Learning from Nature
Porpoises do it. Bats do it. Why can’t autonomous vehicles do it? No, not fall in love, but navigate with sonar. A research team is developing the foundational technology that mimics how animals use sonar, called biosonar, to improve navigation for robots.
Traditional navigation tools, like Light Detection and Ranging (LIDAR) and cameras, falter in stormy weather conditions and have a limited range of application. Sonar (sound navigation and ranging) has offered the sciences a stealthy, low-cost and energy-efficient alternative for navigation for decades, but this technology has limitations.
When a sound wave encounters a target, the waves reflect from the object’s surface forming a series of echoes. These reflecting waves move in different directions and at different angles. As one moves farther from the object, the echoes overlap and merge, producing a cacophony of high-frequency waves to deconstruct and interpret. The research team has turned to nature, in particular to dolphins, to understand how animals have solved this problem.
“We want to use the same approach as dolphins,” said Bogdan Popa, assistant professor of Mechanical Engineering at the University of Michigan and lead investigator on the project. “Dolphins are so much better than engineered systems at interpreting the echoes.”
“Synthetic environments are becoming the most popular approach for the development of complex algorithms for autonomous vehicles, including new sensors for perception,” said Bogdan Epureanu, Arthur F. Thurnau professor of Mechanical Engineering and co-investigator on the project. “To understand how to use an approach such as those used by dolphins, surrogate measurement data is needed to pre-train machine learning algorithms.” Therefore, the team will explore biosonar-based perception algorithms in synthetic environments such as those used in the gaming industry.
To begin, the team will create a model to simulate how high-frequency sound waves propagate through a synthetic environment. The model will provide a way to describe the geometric path the waves follow after they reflect off the surface of a target. Using these geometries, the team hopes to classify objects based on a unique echo map. The team will then use a probe at different distances to test the ‘known’ target map for accuracy.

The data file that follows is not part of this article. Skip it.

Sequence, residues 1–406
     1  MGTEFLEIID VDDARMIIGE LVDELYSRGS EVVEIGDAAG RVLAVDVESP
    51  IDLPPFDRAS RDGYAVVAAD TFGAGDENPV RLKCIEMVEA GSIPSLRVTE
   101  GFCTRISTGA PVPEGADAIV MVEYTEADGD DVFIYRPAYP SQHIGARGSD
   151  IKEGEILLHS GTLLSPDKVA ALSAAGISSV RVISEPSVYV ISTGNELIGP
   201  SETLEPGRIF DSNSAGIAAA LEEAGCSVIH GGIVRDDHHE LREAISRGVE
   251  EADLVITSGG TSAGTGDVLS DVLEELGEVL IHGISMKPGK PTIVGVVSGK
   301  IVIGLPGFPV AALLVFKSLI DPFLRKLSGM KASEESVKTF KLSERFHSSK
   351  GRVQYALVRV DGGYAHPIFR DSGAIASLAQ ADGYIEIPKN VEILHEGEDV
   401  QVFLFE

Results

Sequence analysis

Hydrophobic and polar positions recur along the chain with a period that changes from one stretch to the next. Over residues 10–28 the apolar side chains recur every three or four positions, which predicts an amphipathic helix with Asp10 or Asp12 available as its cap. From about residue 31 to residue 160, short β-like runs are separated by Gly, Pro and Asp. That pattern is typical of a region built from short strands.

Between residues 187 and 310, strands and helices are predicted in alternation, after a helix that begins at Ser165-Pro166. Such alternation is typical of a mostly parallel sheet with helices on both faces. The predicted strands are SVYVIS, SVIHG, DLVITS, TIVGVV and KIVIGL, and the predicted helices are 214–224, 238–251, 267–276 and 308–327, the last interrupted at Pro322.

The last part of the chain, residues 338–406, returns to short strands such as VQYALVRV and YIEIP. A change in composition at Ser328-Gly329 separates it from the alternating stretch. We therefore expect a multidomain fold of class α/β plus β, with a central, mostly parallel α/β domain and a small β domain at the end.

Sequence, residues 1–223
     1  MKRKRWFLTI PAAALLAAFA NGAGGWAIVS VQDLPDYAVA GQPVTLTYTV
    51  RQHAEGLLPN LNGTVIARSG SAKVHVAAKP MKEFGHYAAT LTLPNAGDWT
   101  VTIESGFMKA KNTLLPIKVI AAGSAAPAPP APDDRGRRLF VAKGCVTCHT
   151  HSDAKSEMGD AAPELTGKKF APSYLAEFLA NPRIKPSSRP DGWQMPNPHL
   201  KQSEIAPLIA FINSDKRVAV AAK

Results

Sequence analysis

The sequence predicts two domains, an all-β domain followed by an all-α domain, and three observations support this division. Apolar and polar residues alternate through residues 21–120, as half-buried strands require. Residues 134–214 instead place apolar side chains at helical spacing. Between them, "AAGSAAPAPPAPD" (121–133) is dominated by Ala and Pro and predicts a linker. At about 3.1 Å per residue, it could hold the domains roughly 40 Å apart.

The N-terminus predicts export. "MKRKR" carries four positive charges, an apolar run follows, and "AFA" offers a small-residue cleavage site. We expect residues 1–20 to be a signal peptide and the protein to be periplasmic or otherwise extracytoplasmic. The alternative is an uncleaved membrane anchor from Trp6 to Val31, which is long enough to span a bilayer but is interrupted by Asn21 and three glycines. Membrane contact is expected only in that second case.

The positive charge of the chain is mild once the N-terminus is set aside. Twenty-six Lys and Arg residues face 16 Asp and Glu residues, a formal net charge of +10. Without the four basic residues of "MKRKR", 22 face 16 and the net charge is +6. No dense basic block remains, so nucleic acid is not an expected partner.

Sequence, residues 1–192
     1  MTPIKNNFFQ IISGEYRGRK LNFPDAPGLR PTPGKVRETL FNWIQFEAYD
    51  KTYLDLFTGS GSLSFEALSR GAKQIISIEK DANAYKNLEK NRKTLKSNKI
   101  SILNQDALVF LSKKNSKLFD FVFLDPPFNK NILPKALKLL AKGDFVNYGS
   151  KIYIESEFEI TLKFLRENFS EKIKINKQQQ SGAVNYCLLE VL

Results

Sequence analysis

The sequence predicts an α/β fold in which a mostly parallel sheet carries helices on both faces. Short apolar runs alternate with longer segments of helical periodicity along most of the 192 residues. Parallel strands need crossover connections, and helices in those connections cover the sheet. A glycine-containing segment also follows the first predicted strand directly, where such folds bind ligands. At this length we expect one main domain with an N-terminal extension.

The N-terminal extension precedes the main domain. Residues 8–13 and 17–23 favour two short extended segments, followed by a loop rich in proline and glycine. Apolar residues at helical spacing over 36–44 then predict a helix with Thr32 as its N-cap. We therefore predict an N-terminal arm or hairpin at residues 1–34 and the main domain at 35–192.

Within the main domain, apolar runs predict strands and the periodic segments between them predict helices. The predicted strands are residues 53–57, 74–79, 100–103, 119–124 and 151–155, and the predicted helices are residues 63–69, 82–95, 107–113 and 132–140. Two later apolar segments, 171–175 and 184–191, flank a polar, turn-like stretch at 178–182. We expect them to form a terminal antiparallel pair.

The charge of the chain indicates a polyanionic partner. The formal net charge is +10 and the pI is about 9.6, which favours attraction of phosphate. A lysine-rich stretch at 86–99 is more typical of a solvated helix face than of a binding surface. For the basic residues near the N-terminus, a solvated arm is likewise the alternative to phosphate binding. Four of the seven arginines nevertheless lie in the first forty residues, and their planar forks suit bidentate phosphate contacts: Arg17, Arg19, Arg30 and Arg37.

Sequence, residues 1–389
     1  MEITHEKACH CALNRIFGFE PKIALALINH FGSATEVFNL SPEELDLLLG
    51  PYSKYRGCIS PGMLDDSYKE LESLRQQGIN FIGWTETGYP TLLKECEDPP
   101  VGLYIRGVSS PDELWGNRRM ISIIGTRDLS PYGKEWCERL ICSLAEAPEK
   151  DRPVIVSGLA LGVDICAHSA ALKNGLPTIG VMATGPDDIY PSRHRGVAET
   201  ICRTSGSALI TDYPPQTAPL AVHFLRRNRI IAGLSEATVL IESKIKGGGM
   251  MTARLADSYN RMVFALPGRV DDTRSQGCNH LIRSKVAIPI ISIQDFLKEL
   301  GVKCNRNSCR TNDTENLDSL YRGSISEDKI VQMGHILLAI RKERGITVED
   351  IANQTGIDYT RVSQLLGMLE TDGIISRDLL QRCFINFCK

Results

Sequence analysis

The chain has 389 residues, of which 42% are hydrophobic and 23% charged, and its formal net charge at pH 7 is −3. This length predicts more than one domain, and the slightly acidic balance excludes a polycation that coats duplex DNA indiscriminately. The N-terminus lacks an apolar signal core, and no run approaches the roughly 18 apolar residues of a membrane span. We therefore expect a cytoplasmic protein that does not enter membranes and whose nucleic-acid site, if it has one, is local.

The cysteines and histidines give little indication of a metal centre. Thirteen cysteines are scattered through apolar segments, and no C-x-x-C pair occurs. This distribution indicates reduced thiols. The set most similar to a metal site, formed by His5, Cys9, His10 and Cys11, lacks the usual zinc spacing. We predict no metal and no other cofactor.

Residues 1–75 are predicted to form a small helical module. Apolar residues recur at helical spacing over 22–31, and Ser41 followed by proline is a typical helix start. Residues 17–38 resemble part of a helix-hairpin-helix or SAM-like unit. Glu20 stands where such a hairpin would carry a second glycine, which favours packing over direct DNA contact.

“There is a school of thought in neuroscience that believes the biological brain follows the same processes as convolutional neural networks,” said Popa. “We are excited to test this hypothesis and want to train convolutional neural networks to recognize certain objects, like cars, from the echoes of pulses that bounce off objects.”
A convolutional neural network (CNN) is a deep learning algorithm that can differentiate, weigh, and assign importance to images using self-labeled data obtained from the first stage of the study in the synthetic environment. Popa hopes to develop a CNN that replicates biosonar by storing target information in the navigational memory consisting of echo maps obtained during training sessions.
Popa and his team will evaluate how the probe works in a cluttered real-world environment to disentangles the overlapping echoes produced by known targets and random objects. Here, the team will turn to animals to figure out how nature has solved this problem. For example, marine mammals use the side of the ultrasound beam to discriminate between objects in a cluttered environment and constantly compare received echoes to the memory maps for target objects.
The results from this study could also offer opportunities for civilian benefit. According to Popa, any advances from this study could be applied to other imaging technologies, such as medical ultrasound machines.
Popa was joined by Bogdan Epureanu and Hyung-Suk Kwon at UMich, Paramsothy Jayakumar at the Ground Vehicle System Center and Paul Mohan at ZF Group on the project, titled “Perception in complex scenes using automatically labeled sonar-imaging data in synthetic environments.” The project received funding from Ground Vehicle System Center through the Automotive Research Center at the University of Michigan.
Stacey W. Kish